Cover image for The star fisher
Title:
The star fisher
Author:
Yep, Laurence, 1948-
Personal Author:
Publication Information:
New York : Morrow Junior Books, [1991]

©1991
Physical Description:
viii, 150 pages; 24 cm
Summary:
Fifteen-year-old Joan Lee and her family find the adjustment hard when they move from Ohio to West Virginia in the 1920s.
Language:
English
Reading Level:
850 Lexile.
Program Information:
Accelerated Reader AR UG 5.2 6.0 5961.

Reading Counts RC 6-8 6.1 9 Quiz: 10859 Guided reading level: S.
ISBN:
9780688093655
Format :
Book

Available:*

Library
Call Number
Material Type
Home Location
Status
Item Holds
Searching...
FICTION Young Adult Fiction Popular Materials-Young Adult
Searching...
Searching...
FICTION Young Adult Fiction Central Closed Stacks
Searching...

On Order

Summary

Summary

"This poignant, gently humorous novel is about prejudice and acceptance....15-year-old Joan Lee is a child of two worlds. As a Chinese American, she has never felt her separateness more than now, in 1927, in this new place in West Virginia. Only Miss Lucy, their landlord and neighbor, seems welcoming....There's nothing coy about Yep's portrait of prejudice, which he sketches from several angles."--Booklist. "A pleasure to read, entertaining its audience even as it educates their hearts."--Horn Book.


Author Notes

Laurence Yep was born in San Francisco, California on June 14, 1948. He graduated from the University of California at Santa Cruz in 1970 and received a Ph.D. in English from the State University of New York at Buffalo.

He primarily writes fiction for young adults, but has also written and edited several works for adults. His first novel, Sweetwater, was published in 1973. His other books include Dragonwings, Dragon's Gate, Shadow Lord, Child of the Owl, The Earth Dragon Awakes: The San Francisco Earthquake of 1906, and The Dragon's Child: A Story of Angel Island. He has won numerous awards for his work including the Newbery Medal Honor Book, the Boston Globe-Horn Book Award, Jane Addams Children's Book Award, and the Laura Ingalls Wilder Award.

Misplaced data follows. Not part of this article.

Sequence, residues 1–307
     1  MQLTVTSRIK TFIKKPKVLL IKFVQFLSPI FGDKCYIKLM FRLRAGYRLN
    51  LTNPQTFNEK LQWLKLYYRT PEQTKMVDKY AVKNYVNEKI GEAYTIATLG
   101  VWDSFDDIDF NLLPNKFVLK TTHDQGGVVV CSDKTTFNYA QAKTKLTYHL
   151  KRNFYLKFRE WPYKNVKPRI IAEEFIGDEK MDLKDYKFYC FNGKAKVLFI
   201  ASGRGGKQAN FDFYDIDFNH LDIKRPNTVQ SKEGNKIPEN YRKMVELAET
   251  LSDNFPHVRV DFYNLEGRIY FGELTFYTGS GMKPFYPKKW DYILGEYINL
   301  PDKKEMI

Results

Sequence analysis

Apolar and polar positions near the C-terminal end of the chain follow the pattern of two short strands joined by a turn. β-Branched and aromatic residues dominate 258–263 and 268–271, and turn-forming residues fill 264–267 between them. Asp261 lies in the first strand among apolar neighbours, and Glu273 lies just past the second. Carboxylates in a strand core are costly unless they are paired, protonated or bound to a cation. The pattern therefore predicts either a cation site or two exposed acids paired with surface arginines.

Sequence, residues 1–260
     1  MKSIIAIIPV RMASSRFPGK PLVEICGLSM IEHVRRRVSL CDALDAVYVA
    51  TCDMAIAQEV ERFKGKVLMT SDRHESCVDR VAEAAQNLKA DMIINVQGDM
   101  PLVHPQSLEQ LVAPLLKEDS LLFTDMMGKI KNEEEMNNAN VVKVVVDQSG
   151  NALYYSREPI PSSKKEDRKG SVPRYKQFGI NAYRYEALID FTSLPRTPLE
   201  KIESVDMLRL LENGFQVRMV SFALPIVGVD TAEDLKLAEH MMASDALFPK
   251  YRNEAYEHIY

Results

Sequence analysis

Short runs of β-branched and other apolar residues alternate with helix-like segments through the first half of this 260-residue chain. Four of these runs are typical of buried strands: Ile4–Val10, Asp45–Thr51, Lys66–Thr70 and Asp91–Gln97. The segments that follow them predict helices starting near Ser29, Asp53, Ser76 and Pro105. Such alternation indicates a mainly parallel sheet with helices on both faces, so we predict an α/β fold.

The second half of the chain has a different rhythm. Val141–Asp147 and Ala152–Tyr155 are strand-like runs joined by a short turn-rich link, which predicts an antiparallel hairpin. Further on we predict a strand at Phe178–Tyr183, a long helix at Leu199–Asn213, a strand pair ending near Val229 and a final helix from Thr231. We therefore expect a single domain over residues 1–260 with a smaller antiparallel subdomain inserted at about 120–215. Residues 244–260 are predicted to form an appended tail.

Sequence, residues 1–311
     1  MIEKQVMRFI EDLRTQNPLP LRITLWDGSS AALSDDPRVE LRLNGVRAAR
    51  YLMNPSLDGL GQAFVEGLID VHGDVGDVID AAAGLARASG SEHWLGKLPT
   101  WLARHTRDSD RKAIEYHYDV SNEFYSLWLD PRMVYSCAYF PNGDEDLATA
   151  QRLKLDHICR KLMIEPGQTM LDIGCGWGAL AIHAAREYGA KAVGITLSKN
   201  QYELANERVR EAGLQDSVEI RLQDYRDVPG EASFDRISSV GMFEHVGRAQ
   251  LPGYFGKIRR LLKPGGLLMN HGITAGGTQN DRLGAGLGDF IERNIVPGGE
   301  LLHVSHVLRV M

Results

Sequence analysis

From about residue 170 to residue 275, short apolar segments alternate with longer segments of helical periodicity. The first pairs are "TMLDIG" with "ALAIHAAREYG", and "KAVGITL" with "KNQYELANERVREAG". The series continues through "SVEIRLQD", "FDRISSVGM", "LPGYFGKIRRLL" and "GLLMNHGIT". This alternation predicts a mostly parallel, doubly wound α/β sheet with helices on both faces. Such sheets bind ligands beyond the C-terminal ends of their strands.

(Bowker Author Biography)


Reviews 3

Booklist Review

Gr. 6-10. Based on real people and on stories about Yep's own West Virginia grandparents, who also operated a laundry in a converted school, this poignant, gently humorous novel is about prejudice and acceptance. Like the star fisher in the bedtime story she tells her little sister, 15-year-old Joan Lee is a child of two worlds. As a Chinese American, she has never felt her separateness more than now, in 1927, in this new place in West Virginia. Only Miss Lucy, their landlord and neighbor, seems welcoming. But stubborn, practical Mama, who dresses like the Americans but speaks no English, finds Miss Lucy's overtures humiliating. Joan recognizes Lucy's generosity but can't make a dent in her mother's pride, nor can Lucy break through the coldness that greets her at school--until she teaches Mama how to bake a terrific apple pie. There's nothing coy about Yep's portrait of prejudice, which he sketches from several angles--ignorant Sidney calls the Lees "darn monkeys" and paints racist slurs on their front gate; Joan's classmate Berenice is shunned because her mother works in the theater; and Mrs. Lee thinks Americans are "lazy." Yep's message is clear and strong. So, too, is his depiction of Joan's difficult relationship with her mother, a woman whose strengths and vulnerabilities Joan comes to understand better by the novel's close. ~--Stephanie Zvirin


Publisher's Weekly Review

Based on the author's own experiences, this Christopher Award winner movingly describes a Chinese American family's adjustment to their new home in West Virginia in 1927 and the prejudice they encounter there. Ages 10-14.


School Library Journal Review

Gr 6-8-- On the first night in their new home in a small West Virginia town, 15-year-old Joan Lee lulls her little sister to sleep with the story of a magical kingfisher who is held captive in human form by her mortal husband, but who is later helped by her daughter. She soon joins her mother in the stars, but is sometimes seen, cometlike, attempting to bridge heaven and Earth. Joan, the oldest daughter of the only Chinese family in 1927 Clarksburg, at first sees only herself in the story's symbols: caught between two worlds. As she braves the curiosity and prejudice of the townspeople, helps bridge a friendship between her mother and an elderly neighbor, and gets acquainted with an enigmatic classmate, she realizes that she is not the only one struggling to find a niche. Joan's story will appeal to any reader who has ever felt excluded, but she and her family seem to hold many more stories begging to be shared. Based on tales Yep gleaned from his mother and her family, whose resilience and humor shine through, The Star Fisher offers tantalizing glimpses of interesting characters, but abruptly shifts focus from a family story with the younger sister as a strong character to a relationship between mother and daughter. Basically, there is too much depth and complexity here to be confined to one book. --Carla Kozak, San Francisco Public Library (c) Copyright 2010. Library Journals LLC, a wholly owned subsidiary of Media Source, Inc. No redistribution permitted.